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This home movie captures the dedication ceremony of Lutheran Concordia College of Texas, now known as Concordia University Texas, in Austin in 1926. In the footage, prominent speakers address the large assembled crowd. Then, the film inspects the newly completed Kilian Hall, named for John Kilian, a leader in the local Wend community.
This 16mm film footage captures student life at Lutheran Concordia College of Texas (now known as Concordia University Texas) in 1939 to 1941, when the institution still operated as a high school. The film—shot by Dr. George Beto, an instructor at the school—shows students gardening and caring for the grounds, engaging in schoolwork, socializing with each other, and participating in athletic events. The footage features several school facilities, such as the campus store, the library, the student dormitory, several classrooms, and athletic fields. Throughout the film, it can be seen that students aided in the development of the neighborhood and the creation of the streets in the surrounding area. Beto also included tutorials by each instructor as well as introductions to the faculty (see Martin Neeb at 37:25 and Dr. George Beto at 45:00) and the facilities on campus. This film was used as a marketing tool to help increase enrollment at the college.
Crossing Jordan chronicles the history of what is now Concordia University Texas. It details its origins as a Lutheran boys school in 1926 to a co-educational university in 2008 within the context of the final academic year at the campus' original location in central Austin. The documentary contains primary source photographs and interviews with current students, alumni, staff, and faculty.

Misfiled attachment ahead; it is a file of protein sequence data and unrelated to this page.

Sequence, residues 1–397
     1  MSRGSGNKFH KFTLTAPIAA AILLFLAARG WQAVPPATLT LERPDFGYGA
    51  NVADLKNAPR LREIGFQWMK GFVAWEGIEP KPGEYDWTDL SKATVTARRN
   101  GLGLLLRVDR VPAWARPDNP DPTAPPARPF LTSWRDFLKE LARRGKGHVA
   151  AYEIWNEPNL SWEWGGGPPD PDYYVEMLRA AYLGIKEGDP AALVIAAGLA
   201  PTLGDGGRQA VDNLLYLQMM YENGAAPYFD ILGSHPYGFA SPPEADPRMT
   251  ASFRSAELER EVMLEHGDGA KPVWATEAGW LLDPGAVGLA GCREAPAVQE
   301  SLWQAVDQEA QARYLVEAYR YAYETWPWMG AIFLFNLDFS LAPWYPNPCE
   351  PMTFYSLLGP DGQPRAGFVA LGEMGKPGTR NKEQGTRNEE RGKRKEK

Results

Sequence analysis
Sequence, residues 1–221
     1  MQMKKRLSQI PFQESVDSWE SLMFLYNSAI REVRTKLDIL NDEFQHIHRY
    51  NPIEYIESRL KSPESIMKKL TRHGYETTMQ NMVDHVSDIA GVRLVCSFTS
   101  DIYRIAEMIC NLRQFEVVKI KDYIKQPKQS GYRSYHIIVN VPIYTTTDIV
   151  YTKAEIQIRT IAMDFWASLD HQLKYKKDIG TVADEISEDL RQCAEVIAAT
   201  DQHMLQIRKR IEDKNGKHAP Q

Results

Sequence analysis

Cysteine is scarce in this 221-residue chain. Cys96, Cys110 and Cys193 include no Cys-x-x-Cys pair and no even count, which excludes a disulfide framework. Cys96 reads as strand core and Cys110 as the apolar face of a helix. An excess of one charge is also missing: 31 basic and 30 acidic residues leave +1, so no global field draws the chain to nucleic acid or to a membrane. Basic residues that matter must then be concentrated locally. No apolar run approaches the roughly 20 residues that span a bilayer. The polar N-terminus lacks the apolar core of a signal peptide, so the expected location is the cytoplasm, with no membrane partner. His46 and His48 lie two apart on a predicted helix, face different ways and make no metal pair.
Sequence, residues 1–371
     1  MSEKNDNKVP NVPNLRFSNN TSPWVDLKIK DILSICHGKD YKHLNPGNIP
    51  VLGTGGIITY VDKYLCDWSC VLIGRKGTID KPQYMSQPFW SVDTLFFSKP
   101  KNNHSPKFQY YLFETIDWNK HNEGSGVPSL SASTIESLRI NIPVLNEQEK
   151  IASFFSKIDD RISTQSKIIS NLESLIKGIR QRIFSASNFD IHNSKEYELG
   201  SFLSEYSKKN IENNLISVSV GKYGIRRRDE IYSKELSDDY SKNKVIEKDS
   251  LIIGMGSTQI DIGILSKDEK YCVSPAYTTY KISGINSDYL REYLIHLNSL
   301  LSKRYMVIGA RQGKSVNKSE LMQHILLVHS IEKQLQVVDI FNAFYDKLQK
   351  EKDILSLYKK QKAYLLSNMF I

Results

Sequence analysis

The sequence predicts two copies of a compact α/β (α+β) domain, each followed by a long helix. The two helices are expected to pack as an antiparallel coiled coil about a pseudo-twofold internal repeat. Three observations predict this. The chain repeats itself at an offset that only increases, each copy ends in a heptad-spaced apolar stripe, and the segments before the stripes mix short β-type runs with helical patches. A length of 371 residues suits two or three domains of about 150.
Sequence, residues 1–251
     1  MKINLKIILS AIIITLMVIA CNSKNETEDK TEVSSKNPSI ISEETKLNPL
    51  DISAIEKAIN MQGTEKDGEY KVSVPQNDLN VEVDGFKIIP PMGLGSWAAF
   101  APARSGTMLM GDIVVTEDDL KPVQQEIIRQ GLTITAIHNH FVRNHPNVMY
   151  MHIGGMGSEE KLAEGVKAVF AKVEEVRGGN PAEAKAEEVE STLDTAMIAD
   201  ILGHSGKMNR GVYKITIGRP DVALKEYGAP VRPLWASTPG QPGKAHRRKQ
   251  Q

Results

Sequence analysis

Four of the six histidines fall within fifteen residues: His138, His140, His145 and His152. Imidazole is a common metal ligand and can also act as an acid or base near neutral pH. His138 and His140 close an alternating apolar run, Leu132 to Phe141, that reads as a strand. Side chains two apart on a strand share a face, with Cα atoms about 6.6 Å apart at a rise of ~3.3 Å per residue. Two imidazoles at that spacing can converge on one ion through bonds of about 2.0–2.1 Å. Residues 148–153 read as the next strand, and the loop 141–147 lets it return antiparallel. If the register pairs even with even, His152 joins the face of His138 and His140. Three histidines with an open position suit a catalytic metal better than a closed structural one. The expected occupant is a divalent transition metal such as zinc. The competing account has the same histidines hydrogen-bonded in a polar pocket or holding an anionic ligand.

This 1986 documentary tells the history of Lutheran Concordia College of Texas, later known as Concordia University Texas. The film includes a history of Lutheran higher education in Texas and describes how the new high school filled a need in the community. There are oral histories from several instructors and administrators, as well as men from early classes at the school. The film continues to document the history of Concordia as it expands to a junior college, accepts women, and finally becomes a four-year college, using old film clips, photographs, and oral histories from students and faculty.
Thank you to the Texas Archive of the Moving Image for all of their hard work on digitizing these films. The Texas Archive of the Moving Image (TAMI) works to preserve and create access to various films in the Texas area. This helps to share knowledge and history about Texas through moving images.
If you see someone you recognize in the films, use these instructions to tag the people on the Texas Archive of the Moving Image website.